Located in Library / RBINS Staff Publications
Inbook Reference The Red Marble of Baelen, an exceptional mid-Famennian mud mound complex in a carbonate ramp setting from Eastern Belgium
Located in Library / RBINS Staff Publications
Inproceedings Reference The relationship between taxonomic diversity and aboveground carbon storage is taxon-specific
Located in Library / RBINS Staff Publications 2017
Proceedings Reference The reproductive behavior of two sympatric Ophthalmotilapia species (Ectodini) from Lake Tanganyika
Located in Library / RBINS Staff Publications
Inproceedings Reference The RESPONSE project: Reactive transport modelling of point source contamination in soils and groundwater
Point source contaminations origin from historic or current activities and occur in a variety of forms, extents and contaminants involved (e.g. landfills, industrial facilities, storage tanks, disposal of hazardous waste). Point source contaminations may pose risks to human health and the environment; it is therefore important to develop/improve current methodologies to assess the migration potential of contaminants in groundwater. Groundwater quality monitoring around contaminated sites is typically done by sampling piezometers. Modelling approaches can help to predict the spatial and temporal evolution of contamination plumes, design remediation strategies and assess health and environmental risks. Reactive transport models can potentially improve the prediction of contaminant routes, as they explicitly account for changing geochemical environments and chemical reactions during transport. In spite of recent advances, real-world applications remain scarce as these require large numbers of site-specific parameters. The aim of the RESPONSE project is to improve the use of reactive transport models that simulate the fate of inorganic and organic contaminants in soils and groundwater. More specifically, this project aims to (1) identify the minimum amount of site-specific parameters needed to predict reactive transport of inorganic pollutants (e.g. heavy metals) and (2) improve/simplify the modelling of transport of xenobiotic organic contaminants (XOC, e.g. hydrocarbons and pesticides). The transport of XOCs is particularly complex to model due to the effects and zonation of microbial activity at the plume fringe in polluted aquifers. The RESPONSE project focusses on typical groundwater pollution problems encountered around old municipal landfill sites and cemeteries. Municipal landfills can still release hazardous pollutants such as heavy metals and XOCs, even if they are covered by fresh ground layers after abandonment. Cemeteries can be considered a special case of landfill, releasing various compounds to the environment such as arsenic, mercury, bacteria, viruses and herbicides. Both location types are potential point sources for mixed groundwater pollution, typically including high concentrations of dissolved organic carbon (DOC), heavy metals and XOCs. The methodology in this project involves both experimental and modelling aspects. During the first screening stage, groundwater samples were collected from shallow piezometers at fifteen contaminated sites across Belgium (municipal landfills and cemeteries). Also, an improved reactive transport model is built based on HYDRUS1D-MODFLOW-PHREEQC to explicitly account for the dynamic behaviour of chemical conditions at the soil-ground water interface. Next, based on laboratory analyses, three case-study sites will be selected for further modelling and testing.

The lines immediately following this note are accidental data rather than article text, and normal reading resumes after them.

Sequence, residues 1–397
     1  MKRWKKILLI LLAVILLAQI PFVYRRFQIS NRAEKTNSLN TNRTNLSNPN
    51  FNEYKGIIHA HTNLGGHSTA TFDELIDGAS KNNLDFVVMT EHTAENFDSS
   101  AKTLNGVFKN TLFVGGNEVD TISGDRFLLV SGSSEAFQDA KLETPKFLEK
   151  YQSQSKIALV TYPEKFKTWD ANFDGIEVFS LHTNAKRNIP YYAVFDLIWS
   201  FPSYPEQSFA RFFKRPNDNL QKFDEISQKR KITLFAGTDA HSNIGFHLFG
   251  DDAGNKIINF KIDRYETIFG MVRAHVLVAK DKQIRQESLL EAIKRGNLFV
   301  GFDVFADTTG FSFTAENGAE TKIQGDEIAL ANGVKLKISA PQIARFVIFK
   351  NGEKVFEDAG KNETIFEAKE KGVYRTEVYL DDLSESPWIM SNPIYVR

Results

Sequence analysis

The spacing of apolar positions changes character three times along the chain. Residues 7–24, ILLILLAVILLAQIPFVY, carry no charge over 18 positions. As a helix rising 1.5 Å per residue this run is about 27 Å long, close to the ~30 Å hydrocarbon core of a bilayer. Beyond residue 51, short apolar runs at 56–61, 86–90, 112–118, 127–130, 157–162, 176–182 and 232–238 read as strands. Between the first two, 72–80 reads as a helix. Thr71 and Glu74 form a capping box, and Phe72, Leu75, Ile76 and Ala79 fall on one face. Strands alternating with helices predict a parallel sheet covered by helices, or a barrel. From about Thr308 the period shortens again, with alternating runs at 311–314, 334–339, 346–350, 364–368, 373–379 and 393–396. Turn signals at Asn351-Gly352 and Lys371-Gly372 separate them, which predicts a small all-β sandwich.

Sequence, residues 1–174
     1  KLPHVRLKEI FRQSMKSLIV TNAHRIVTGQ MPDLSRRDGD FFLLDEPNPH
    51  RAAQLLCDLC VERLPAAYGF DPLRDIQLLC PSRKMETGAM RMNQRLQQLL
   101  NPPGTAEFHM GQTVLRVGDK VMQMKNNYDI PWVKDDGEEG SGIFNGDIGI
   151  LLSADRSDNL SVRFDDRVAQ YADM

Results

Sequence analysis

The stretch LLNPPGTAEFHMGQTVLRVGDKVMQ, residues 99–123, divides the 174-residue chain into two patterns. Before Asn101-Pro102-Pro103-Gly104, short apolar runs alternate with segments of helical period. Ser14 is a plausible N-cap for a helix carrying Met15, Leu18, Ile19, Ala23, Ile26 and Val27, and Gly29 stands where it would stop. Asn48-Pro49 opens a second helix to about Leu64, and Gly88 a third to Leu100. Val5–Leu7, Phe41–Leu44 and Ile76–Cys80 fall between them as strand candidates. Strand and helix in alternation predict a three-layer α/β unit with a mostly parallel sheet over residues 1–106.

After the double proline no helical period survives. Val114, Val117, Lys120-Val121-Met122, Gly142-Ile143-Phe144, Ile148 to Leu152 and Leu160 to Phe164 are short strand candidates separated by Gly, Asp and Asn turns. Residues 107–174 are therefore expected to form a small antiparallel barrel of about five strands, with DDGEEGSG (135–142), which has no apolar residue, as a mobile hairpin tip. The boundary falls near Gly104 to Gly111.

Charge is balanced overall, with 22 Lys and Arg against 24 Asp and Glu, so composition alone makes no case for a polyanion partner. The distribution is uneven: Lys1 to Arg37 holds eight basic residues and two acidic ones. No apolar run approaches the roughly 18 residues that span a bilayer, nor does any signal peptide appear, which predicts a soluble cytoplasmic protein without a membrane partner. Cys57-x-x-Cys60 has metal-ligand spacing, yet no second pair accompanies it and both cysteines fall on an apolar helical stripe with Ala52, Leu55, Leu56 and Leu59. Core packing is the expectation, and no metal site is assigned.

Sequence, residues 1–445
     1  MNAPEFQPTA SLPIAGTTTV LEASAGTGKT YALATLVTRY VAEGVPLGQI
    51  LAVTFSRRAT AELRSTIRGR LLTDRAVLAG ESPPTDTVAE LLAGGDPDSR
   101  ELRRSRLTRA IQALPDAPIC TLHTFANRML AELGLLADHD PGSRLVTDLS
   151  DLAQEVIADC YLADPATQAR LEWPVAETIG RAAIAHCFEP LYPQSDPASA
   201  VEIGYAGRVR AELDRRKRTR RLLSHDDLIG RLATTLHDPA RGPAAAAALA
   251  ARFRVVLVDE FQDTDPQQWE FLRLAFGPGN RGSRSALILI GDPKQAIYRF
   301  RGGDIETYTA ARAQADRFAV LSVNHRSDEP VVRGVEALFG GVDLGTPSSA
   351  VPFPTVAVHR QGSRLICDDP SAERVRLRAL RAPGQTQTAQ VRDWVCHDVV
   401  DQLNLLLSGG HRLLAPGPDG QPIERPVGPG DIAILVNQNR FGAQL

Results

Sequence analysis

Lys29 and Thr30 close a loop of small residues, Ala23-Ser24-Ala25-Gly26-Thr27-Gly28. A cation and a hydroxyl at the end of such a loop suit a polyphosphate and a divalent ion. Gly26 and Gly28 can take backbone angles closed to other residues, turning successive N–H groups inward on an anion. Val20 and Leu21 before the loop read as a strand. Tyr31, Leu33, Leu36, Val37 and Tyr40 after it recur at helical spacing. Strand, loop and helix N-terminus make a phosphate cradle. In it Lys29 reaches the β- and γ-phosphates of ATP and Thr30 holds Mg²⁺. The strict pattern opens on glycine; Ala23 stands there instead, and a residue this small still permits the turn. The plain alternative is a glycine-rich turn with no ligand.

Located in Library / RBINS Staff Publications 2018